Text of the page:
2020 | 352pp | £26
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The molecular gastronomy revolution of the 2000s was a huge win for chemistry and its relationship with the public – it made our science relatable, accessible and relevant like few other things could, and it showed that science and art are not mutually exclusive. I think a strong understanding of this is also key to a good food science book. Although it has its highlights, The Flavor Equation doesn’t really get it right. Ultimately, it feels like the reluctant love child of a bizarre school science textbook and an excellent recipe book.
Nik Sharma is a food journalist based in California. He has an award winning blog, A Brown Table, and is a contributor to the popular Serious Eats website. Like his colleague at Serious Eats, J Kenji López-Alt, Sharma has a science background (as a molecular biologist) before turning to cookery.
However, while López-Alt’s book The Food Lab – which I also reviewed – was bursting with deep dive analyses of ingredients and recipes, helping you to understand your favourite foods at a fundamental level, the science in The Flavor Equation mostly feels like a collection of (sometimes random) facts that aren’t relevant or applicable. Although the intro section is particularly guilty of this – the biology of our ears might be interesting, but does it help you make better food‽ – the rest of the book hardly fares any better. For example, the Brightness chapter goes to great lengths to explain acidity and alkalinity, but doesn’t say more about the role of lye in making ramen beyond the fact that it is affecting gluten formation. As a home cook, I’m far more interested in understanding the latter than knowing how to calculate pH values.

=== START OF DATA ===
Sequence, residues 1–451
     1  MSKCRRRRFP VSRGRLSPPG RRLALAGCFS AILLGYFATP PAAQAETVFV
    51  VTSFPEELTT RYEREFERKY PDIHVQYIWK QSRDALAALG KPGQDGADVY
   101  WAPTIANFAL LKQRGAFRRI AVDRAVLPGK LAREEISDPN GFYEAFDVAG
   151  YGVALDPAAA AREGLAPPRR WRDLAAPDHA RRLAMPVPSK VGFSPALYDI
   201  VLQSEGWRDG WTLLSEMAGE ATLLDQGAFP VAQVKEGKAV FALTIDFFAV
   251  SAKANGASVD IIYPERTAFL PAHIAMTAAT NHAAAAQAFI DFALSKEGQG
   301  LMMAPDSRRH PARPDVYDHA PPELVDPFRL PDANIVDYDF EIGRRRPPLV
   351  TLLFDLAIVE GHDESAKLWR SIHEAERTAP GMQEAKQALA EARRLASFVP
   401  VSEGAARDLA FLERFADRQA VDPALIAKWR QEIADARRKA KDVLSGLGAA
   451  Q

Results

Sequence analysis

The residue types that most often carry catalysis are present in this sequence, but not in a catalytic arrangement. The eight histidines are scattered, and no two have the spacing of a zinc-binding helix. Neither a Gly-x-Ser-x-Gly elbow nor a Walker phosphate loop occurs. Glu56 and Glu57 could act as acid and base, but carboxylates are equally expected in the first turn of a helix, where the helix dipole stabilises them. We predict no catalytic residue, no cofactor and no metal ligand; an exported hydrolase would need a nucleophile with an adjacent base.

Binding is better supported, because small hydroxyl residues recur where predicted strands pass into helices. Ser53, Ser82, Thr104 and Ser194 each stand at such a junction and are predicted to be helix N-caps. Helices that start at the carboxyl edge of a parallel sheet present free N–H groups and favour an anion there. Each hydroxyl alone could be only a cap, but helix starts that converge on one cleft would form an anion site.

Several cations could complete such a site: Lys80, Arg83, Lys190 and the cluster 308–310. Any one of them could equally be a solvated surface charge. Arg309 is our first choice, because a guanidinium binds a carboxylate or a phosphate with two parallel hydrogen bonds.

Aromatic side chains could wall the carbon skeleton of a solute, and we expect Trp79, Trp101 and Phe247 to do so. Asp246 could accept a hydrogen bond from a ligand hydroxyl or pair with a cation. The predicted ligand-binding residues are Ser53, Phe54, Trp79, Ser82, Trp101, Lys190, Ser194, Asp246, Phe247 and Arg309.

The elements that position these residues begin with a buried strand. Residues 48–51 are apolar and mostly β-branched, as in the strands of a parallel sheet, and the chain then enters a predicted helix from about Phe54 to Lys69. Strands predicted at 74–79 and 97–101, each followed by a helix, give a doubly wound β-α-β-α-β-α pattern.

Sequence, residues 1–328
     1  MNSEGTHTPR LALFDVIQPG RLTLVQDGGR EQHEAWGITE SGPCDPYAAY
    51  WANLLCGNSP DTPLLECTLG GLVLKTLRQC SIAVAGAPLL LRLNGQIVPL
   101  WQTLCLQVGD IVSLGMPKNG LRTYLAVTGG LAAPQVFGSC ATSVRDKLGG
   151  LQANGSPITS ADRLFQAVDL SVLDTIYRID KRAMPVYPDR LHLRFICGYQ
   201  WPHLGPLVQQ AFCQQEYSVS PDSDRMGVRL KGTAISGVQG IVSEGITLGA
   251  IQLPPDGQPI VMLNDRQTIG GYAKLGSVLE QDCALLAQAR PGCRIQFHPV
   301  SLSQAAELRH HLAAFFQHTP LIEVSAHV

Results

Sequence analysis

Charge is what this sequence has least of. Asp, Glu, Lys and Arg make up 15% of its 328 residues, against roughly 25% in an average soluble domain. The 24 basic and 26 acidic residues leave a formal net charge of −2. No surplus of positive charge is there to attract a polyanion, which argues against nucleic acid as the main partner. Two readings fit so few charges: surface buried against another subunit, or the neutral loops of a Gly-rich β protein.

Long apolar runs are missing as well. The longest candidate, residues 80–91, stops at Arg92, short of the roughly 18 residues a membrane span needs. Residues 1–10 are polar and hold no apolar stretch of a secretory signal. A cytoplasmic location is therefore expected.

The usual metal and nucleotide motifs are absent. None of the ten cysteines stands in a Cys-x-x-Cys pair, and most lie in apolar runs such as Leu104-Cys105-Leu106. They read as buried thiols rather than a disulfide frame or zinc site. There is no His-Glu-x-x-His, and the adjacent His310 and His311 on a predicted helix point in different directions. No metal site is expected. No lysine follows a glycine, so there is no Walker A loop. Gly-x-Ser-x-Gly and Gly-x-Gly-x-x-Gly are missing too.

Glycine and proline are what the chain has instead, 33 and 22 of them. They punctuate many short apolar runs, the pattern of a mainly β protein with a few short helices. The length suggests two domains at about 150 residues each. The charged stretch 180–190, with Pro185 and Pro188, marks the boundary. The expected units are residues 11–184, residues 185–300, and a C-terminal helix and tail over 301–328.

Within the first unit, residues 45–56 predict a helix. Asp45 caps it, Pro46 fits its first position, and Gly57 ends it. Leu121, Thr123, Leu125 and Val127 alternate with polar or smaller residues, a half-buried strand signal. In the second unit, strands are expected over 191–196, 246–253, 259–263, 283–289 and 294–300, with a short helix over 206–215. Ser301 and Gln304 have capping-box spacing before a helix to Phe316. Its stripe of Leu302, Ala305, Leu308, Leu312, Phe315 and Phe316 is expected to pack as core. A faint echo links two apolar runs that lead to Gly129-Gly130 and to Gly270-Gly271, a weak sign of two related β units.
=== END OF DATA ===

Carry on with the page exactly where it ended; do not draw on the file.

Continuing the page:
There was so much of this throughout the book that I began to wonder if I was being obtuse and missing obvious ways to apply the science. However, even my biologist partner struggled to see the relevance of much of the content.
By the time I was ready to try a recipe, I was feeling pretty cynical. But luckily, I was pleasantly surprised. Sharma’s Indo-Chinese and fusion creations are genuinely exciting, and the recipes are well written and easy to follow. The book even provides metric equivalents to unfathomable US measurements (please stop measuring irregular solids by volume). The Goan shrimp, olive and tomato pulao from the Savouriness chapter packs an impressive umami punch and the spareribs in malt vinegar from the Brightness chapter really made me think about the balance of acidity with the fat, sweetness and chilli heat in the dish.
While these recipes give practical and delicious showcases of each featured flavour component, they’re not enough to connect you with the science, especially if you’re new to food science. And if you’re a more experienced cook, you won’t really learn too much here that you don’t already know from received wisdom of traditional cookery.
Science and art are perhaps not mutually exclusive, but getting them to work together is not a straightforward task. If you’re a confident cook and you’re a fan of Sharma and his style of food, you are likely to enjoy the recipes and the beautiful photographs. But if you’re looking for an introduction to food science or you want to expand your knowledge base, I’d suggest looking elsewhere.
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